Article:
Our contributor in France, Lucian Sonea, recently conducted an interview with Mathieu Jaminet, one of Porsche’s Young Professional Drivers. You will find the driver’s comments enlightening, and see just how many different racing series drivers have to race in, at the start of their career.
Mathieu, what is your racing programme for 2018?
I have been racing in the Dubai 24 Hours in January, and at the Rolex 24 Hours of Daytona, then I did the 12 Hours of Sebring in March and I will continue now with the ADAC GT Masters, the German GT Championship. I will be also doing the 24 Hours of Nürburgring and did opening rounds of the VLN, in order to prepare for the 24-hour race on the Nordschleife. We will probably do one or two rounds after the VLN 24-hour race, but we will see.
In parallel with this European programme, I also race in the Pirelli World Challenge Championship in the US, in the Sprint X (two driver endurance races) with the GMG Racing team. I have been racing with the Wright Motorsports, the American Porsche team, in a Porsche GT3 R model at the Daytona 24 Hours and Sebring 12 Hours.
You are racing in all these championships with the Porsche 911 GT3 R. You have raced and won races and championships with the Porsche 911 GT3 CUP. Are there big differences between these two cars?
The main differences between the 911 GT3 R and the 911 CUP are the Traction Control and the ABS, which are absent on the CUP car. There is more aero on the GT3, with a bigger front splitter and rear wing. I would say that the GT3 R is a race car conceived for Endurance racing, while the GT3 CUP is more a sprint racing car (30 min races). Nevertheless, in terms of driving they are quite close; the philosophy of the cars is pretty similar, the engine power is nearly the same (GT3 R has the same engine position and a little more power). The GT3 R has more electronics and more driving aids – these are the main points of difference.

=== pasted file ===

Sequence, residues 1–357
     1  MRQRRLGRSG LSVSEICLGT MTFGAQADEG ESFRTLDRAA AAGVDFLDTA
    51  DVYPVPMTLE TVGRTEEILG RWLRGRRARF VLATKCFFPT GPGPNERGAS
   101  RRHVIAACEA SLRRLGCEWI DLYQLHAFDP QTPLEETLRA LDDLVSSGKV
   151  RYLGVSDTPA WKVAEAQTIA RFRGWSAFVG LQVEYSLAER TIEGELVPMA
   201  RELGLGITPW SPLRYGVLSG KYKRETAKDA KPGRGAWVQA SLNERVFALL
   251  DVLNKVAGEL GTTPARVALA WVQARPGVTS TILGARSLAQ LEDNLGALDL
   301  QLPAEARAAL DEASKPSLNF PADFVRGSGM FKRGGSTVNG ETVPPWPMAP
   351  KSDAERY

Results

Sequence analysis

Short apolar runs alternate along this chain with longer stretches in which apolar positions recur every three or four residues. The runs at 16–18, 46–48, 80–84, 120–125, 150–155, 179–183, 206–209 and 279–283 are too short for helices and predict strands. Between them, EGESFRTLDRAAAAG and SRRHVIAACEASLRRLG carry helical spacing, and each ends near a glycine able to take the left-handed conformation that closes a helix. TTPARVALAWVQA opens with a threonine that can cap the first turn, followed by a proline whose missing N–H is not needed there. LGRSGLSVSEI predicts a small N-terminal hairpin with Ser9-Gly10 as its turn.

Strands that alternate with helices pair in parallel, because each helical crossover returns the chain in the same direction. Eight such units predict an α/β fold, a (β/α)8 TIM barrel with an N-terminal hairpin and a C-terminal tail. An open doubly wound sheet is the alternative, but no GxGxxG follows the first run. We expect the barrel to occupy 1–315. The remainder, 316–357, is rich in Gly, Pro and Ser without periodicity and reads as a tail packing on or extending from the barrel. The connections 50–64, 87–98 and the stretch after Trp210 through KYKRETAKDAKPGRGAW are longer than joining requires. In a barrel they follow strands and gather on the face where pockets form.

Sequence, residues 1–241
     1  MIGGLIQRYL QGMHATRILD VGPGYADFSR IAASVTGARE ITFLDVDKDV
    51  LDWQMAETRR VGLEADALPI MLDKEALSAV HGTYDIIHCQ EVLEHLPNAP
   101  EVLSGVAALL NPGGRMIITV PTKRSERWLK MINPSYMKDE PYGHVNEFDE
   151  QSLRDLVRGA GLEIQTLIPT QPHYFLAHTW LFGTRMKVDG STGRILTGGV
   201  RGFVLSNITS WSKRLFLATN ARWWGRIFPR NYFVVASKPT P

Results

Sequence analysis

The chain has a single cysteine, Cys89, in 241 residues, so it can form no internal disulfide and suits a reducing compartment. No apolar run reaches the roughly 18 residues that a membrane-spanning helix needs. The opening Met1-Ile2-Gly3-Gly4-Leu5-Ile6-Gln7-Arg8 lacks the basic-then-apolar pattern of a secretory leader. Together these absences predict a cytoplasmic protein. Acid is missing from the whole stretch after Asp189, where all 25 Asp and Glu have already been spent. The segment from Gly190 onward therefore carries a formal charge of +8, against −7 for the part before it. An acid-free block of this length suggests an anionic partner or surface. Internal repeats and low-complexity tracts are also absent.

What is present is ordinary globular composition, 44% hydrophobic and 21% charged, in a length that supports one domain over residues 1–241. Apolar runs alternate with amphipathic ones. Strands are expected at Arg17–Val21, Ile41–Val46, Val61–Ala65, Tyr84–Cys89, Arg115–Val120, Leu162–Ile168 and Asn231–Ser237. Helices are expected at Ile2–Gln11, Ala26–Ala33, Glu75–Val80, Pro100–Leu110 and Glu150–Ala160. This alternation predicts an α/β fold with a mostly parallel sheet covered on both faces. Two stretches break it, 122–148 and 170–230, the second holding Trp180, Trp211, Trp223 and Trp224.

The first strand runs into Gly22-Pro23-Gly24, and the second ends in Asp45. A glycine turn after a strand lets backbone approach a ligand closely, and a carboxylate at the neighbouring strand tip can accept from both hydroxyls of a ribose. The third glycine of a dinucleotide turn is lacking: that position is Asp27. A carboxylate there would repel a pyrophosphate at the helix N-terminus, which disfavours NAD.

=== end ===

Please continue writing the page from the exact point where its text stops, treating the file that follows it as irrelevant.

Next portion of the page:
What about the Porsche GTE? The concept is quite different (engine position, different weight distribution).
I only did a few laps with the GTE, therefore I cannot say too much about the car. The engine has changed its position, the balance of the car is therefore different, we have a more responsive car, but this also means that the driveability and the traction (for which the Porsche models are well known) make the modern car less efficient than the older model, particularly in wet conditions. The GTE car has no ABS but has Traction control, therefore it is a mix between the GT CUP and the GT3 R. We also have more aero, with a genuine diffuser to create downforce, a special rear wing and different splitters. It is a step upwards, the GT3 R, with a little more engine power also.
What is it like for you being an official Porsche Driver?
First of all, at the end of 2016 I became a Porsche Junior Driver which allowed me to race in the Mobil 1 Porsche Supercup. This championship is the top level in the Porsche sprint pyramid and it has allowed current works drivers like Earl Bamber, Richard Lietz, Romain Dumas to take a step forward and earn a reputation in their professional careers. Actually, eighty per cent of the Porsche works drivers raced in the Supercup. Porsche offered financial support to participate in the Supercup and should the results follow, then you can advance to the Porsche Young Professional Driver Programme, which is my current status.
For me being a Young Professional, means I have a contract which allows me to race and to be paid, so I also have the chance to have a company car (a Porsche of course!). I am currently racing the GT3 R and the RSR for different customer teams and championships around the world, so Porsche will send me to these races during the season. We (Young Professionals) are not yet involved in the official works Porsche programme with the RSR (like Daytona, Sebring or Le Mans). We have a coach that follows us (this is Sacha Maasen). We have different training sessions, physical training together with the Junior and the Works drivers, other marketing and communication training, and mental coaching. The program is very intense and is supposed to give us all the means and support that we could need in order to advance to full works driver status.
Do you feel more pressure than in the past, now that you are a Young Professional Driver for a such reputed factory like Porsche?